Imagine: In an effort to keep the pledges rolling in, crazed, extremely devoted sleep-deprived journalists, tweeting and reporting every moment of news they find they deem relevant, until they drop at their desks, like some 21st-century John Henry.

"A listener so mean he pledged money to this local NPR station just to watch a man die."

Okay, that's overblown hyperbole there, but these kind of things signify a whole new level of 'always working' and new kind of lifestyle for journalists may be coming down the track.
posted by chambers at 8:35 AM on February 12, 2011

I've really been loving Andy Carvin's tweets, thinking about what it means for journalism. It's good to see him getting recognition on the blue. I'm curious if anyone knows of any journalists who are using Twitter in a similar way to Carvin?

It's weird to reach The Atlantic wondering if "curation is the new journalism". Correct me if I'm wrong, but hasn't curation always been in the scope of good journalism?

As more journalists do this kind of reporting, in what way does slower, but deeper analysis compete for viewers' time, at least in the sense that the audience is patient enough to wait to hear it?
Just an armchair-observer here, but I'm sort of getting the sense both through my own personal experience and through blogger buzz that deeper analysis is going to come through the iPad (et al.) changing how people approach long-form journalism (a real change, they've sold over 15 million iPads). Here's an article on how ReadItLater (as well as Instapaper and it's ilk) are changing how people are reading. I think that this is probably where long-form journalism is going to be consumed. For me personally, I had Andy Carvin's tweets appearing in my twitter feed on my screen as I worked all day. When it came time to relax in the evening and lay on the couch and read, I read longer articles on the subject through Instapaper.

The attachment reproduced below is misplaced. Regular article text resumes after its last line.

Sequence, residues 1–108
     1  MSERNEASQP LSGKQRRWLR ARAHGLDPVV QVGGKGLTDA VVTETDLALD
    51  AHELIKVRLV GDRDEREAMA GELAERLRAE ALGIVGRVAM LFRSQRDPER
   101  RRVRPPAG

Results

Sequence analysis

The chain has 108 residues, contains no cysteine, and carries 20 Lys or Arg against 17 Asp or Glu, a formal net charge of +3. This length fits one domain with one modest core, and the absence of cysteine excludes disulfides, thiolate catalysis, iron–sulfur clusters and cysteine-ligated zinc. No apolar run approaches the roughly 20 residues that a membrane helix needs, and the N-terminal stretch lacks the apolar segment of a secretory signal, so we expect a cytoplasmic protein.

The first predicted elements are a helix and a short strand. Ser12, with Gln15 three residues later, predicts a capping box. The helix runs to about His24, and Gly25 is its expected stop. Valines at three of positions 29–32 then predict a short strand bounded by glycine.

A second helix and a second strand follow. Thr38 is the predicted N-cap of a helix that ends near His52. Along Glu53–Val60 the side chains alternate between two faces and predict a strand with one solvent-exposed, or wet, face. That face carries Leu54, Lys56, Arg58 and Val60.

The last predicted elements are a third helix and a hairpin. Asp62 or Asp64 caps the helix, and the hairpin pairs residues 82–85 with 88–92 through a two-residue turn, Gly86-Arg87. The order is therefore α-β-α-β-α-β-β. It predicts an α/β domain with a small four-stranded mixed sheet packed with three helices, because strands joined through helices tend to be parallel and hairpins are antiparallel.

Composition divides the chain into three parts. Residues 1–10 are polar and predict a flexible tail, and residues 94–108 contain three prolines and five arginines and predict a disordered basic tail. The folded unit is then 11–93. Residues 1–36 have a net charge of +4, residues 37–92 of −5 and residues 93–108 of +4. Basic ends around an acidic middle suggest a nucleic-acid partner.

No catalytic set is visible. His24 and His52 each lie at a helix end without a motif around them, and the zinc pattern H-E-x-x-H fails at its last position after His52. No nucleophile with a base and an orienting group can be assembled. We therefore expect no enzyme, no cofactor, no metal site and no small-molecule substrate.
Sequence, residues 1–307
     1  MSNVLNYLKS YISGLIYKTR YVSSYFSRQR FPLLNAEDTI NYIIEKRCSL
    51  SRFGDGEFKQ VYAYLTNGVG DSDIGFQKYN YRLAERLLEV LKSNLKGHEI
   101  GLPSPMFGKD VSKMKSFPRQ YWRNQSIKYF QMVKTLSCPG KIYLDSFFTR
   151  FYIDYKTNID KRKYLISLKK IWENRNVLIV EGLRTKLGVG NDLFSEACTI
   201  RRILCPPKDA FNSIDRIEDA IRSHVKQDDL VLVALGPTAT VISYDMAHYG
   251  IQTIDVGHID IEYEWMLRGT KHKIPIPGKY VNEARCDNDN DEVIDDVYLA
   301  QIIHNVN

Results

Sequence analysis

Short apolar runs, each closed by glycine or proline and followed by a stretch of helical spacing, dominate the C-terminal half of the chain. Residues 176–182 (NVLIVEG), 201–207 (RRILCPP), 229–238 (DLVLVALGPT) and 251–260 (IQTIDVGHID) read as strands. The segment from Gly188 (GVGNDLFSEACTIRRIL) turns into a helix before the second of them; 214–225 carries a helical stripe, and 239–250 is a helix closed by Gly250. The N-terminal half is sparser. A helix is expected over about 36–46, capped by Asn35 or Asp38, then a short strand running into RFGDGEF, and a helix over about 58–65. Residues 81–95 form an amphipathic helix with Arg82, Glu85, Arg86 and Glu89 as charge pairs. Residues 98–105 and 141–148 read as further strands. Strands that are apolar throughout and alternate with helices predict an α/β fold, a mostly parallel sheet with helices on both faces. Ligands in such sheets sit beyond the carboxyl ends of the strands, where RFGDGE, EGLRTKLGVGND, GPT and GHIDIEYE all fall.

I think the second thing that's changing is that the news audience right now is completely losing this old idea that I think people have had as the news being a chore, something must be patient for, something one must endure. It looks to me like the future of in-depth reportage is through making that process as enjoyable as possible, as opposed to dry objective news articles. By enjoyable, I'm talking about things like the Daily Show and This American Life's Giant Pool of Money episode. I look forward to a new This American Life each week like I look for a new episode of Community. I think THAT'S the future of long-form journalism.
posted by ejfox at 9:20 AM on February 12, 2011 [1 favorite]

Tweeting links is not journalism. That's not to say it isn't awesome, and timely and all that, but it's not *journalism* in the traditional sense of the word. Maybe we'll have to come up with a new word to describe this new instant information streaming process?
posted by Duug at 10:11 AM on February 12, 2011

with all due respect, and i say this as someone who has known Andy for years, he isnt the only doing this. not only have i been curating what i call "rapid reporting" for years, through blogging and now social media platforms, and in 4 different languaes. if it hadnt been by the work of plurilingual reporters and analysts like Dima Kathib (@Dima_Khatib) and Mona Eltahawy (@monaeltahawy), people like Andy and me wouldnt be able to do what we do.

so credit where credit is due. there is a whole battery of reporters, bloggers and analysts from the Middle East doing invaluable rapid reporting and curating that we got to work with.

more importantly though, there are those of us, outside of institutional journalism, who have pioneered and teaching others this thing called "live blogging", "rapid reporting" and also "news curating".

he does great work for NPR that in the still catching up world of US journalism is considered groundbreaking. but he wasnt the first and he isnt the only one doing what he does. there are many of us who've pioneered this kind of work, still outside of institutional journalism. and there are many of us doing what we do so for years (10 years now for me) not only in the US but worldwide and in a plurality of languages.
posted by liza at 12:04 PM on February 12, 2011

Duug, don't embarrass yourself. Journalism has taken many forms over the years and there was a day when stories were filed by telegram.
posted by dhartung at 1:08 PM on February 12, 2011 [1 favorite]

Tweeting links is not journalism.

Twitter is just a communication medium, so yeah, "tweeting links" is not journalism. Researching and parsing the flood of information coming out a live revolution? That's definitely journalism, and it would be journalism if he were doing the same thing through a blog, filtering articles for a newspaper, or running a news website.
posted by spiderskull at 3:37 PM on February 12, 2011 [1 favorite]